Devil’s Advocate

Devil's Advocate

Simran Devidasani

You see them walking down the hallways, carrying those big textbooks. They walk with power, strength and possibly even a slight smirk. Plastered across the front of their textbook, in big bold letters, you see those words: Advanced Placement.

AP Students tower because they are passionate. Photo illustration by Kevin Guo

AP students at MVHS are considered by many to be stuck up and excessively proud in their    AP-ness. In reality however, the majority of these students have an interest in the subject of their AP class. A student who may take AP Biology may be taking it due to the fact that they want to become a doctor. A student who make take AP Music Theory may have dreams of one day becoming a famous composer or musician.

The Religion

Taking AP classes is more like a religion rather than a special or elite group. These students take pride, not in boasting about the high level of classes they are taking, but rather in the culture that lies within their religion. This journey that an AP student goes through is a tantalizing experience which results in much more than just a title.

One may log onto Facebook and find a status like, that awkward moment when you forget to pk on your frq and you start to answer dbq style. The APUSHers would immediately chuckle at this status while others may be dumbstruck. Such inside jokes lie amongst all AP class students, an aspect of their profound religion.

These students are not necessarily trying to put others down by emphasizing the fact that they are AP students, but they are simply rejoicing in their own culture. Being a part of such a group is a feeling of acceptance, similar to that of being a part of a sports team. They grieve and complain together during tedious times, and celebrate during joyous times. Like a soccer team that wins a match, AP students come out of their AP testing, together, comparing what went well and what could have gone better.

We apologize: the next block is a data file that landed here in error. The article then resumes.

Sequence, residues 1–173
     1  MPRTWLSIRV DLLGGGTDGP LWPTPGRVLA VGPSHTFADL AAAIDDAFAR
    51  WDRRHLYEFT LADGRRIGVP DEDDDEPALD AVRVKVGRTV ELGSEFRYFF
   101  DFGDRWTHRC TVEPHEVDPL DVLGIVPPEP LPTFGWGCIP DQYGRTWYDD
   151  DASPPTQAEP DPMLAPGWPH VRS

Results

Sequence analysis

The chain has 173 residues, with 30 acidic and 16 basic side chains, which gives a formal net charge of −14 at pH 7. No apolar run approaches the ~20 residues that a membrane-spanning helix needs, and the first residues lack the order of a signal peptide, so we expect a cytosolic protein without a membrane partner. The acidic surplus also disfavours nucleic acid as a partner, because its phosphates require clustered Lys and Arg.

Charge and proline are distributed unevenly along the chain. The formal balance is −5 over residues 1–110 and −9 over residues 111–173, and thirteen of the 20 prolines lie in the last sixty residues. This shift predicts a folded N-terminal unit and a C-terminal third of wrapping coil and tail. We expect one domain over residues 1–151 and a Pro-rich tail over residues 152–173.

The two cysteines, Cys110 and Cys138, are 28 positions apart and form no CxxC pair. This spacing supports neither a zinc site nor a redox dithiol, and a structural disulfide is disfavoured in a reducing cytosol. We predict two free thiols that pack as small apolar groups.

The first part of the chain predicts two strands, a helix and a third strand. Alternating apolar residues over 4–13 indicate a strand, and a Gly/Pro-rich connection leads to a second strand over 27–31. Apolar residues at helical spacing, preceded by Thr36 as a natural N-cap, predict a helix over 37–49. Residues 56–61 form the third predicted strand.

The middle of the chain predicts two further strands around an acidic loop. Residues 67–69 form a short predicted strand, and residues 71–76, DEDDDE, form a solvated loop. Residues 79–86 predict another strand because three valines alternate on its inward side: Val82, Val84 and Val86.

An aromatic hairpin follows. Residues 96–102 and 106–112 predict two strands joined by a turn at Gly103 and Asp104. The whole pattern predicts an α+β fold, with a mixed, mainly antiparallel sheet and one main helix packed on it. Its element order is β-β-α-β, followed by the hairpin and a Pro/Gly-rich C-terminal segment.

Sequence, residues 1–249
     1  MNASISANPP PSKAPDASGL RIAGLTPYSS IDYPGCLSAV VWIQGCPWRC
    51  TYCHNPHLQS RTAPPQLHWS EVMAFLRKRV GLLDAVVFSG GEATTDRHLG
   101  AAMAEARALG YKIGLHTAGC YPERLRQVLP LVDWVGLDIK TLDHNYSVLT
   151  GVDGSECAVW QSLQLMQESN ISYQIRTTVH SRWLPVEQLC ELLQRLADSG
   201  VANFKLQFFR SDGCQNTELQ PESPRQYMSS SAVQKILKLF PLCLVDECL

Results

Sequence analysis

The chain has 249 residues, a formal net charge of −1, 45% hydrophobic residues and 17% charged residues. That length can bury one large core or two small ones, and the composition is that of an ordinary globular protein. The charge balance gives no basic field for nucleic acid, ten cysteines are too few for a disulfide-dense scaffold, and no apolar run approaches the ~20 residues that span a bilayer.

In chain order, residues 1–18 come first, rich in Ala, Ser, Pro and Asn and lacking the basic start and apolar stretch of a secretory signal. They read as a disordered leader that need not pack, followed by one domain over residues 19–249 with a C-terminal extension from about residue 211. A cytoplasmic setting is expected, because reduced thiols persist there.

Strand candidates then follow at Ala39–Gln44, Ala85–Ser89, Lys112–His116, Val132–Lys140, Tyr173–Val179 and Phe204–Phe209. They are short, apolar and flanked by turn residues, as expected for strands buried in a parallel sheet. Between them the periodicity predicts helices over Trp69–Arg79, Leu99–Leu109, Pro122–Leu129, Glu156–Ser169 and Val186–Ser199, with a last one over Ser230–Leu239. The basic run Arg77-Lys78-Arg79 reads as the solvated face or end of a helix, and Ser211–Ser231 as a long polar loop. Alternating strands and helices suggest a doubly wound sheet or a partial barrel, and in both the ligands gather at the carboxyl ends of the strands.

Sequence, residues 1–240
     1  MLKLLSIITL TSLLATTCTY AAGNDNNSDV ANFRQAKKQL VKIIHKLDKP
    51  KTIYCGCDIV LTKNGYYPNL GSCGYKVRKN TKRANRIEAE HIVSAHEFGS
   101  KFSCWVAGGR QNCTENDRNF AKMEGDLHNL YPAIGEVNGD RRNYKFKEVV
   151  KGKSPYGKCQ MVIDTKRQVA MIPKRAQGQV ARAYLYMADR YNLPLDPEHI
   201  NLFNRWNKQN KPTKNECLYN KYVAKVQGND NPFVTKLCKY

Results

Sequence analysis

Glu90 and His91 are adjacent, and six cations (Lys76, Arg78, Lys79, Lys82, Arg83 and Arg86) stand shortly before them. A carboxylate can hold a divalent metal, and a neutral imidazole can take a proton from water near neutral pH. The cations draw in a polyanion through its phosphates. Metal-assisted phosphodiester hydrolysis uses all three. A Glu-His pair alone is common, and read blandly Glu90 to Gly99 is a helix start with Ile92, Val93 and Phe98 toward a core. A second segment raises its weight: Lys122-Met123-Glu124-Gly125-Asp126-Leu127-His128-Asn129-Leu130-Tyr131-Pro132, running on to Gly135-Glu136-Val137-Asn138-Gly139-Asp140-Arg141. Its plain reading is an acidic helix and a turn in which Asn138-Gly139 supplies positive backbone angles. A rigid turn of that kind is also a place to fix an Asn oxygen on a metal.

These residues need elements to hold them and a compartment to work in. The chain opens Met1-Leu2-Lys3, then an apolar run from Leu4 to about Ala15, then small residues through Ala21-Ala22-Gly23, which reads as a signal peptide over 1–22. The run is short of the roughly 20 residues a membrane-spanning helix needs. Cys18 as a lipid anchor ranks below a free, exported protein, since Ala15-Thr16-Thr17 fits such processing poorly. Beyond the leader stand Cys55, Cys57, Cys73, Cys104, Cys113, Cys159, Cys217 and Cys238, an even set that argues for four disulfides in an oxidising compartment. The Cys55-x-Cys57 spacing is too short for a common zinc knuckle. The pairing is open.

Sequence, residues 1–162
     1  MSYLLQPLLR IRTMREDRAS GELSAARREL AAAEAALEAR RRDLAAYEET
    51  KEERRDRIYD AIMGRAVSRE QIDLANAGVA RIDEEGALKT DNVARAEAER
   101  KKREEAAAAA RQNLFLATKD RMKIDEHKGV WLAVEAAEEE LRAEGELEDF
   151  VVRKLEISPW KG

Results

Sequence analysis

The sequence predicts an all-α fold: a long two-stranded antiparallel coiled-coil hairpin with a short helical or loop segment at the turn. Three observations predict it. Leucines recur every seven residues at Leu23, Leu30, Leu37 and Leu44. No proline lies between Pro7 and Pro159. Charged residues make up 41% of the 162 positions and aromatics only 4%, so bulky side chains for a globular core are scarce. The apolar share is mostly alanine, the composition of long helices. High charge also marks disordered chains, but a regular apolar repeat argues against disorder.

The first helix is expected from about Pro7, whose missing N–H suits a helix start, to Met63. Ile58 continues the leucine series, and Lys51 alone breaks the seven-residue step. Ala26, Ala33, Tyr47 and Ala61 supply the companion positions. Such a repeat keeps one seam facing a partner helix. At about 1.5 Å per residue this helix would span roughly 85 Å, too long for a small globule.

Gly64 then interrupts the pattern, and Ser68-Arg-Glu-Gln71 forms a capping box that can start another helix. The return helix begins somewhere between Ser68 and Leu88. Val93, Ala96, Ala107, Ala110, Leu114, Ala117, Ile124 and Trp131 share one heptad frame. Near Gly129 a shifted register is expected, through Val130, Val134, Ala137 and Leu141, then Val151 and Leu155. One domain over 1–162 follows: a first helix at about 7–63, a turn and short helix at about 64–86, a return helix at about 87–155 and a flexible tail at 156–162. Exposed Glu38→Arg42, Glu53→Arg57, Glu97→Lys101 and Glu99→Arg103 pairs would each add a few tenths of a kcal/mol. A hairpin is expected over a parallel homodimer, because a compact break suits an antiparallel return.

These people do not just take these classes for namesake, but rather with a will for success. Barack Obama set out with the goal of Harvard in his mind, and therefore he decided to take AP classes. This benefited him in a greater sense as he, you know, became president.

The Reality

Taking pride in their workload, AP students work significantly harder compared to those who take regular classes, again, a major aspect of their religion. However, few truly understand how much harder an AP student works than a regular student. When one compares the homework load of an average U.S history student RUSH student an AP U.S. history student APUSH student, the daily homework load of a RUSH student consists of a few scattered written activities, a project once in a while, and reading one chapter every two weeks or

so. On the other hand, the daily homework load of an APUSH student consists of reading and note-taking on about two chapters per night, which averages out to around three hours. It is understood that those who follow a different type of religion, that of taking all regular classes have their own culture and ritual. But likewise, those people do not have the right to insult the AP religion by pointing a finger at those students saying that they are only taking AP classes for the title or for bragging rights. That is similar to accusing someone of saying that they are only following Christianity because they like the name Jesus.

So next time you see an AP student talking about how they were up late

appreciate, dont hate.

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By the end of four years, most students proudly accumulate a wide array of AP courses. Then there are those who are altogether dismissive of the “Advanced Placement” label, claiming that all the hype is undeserved. Your take?

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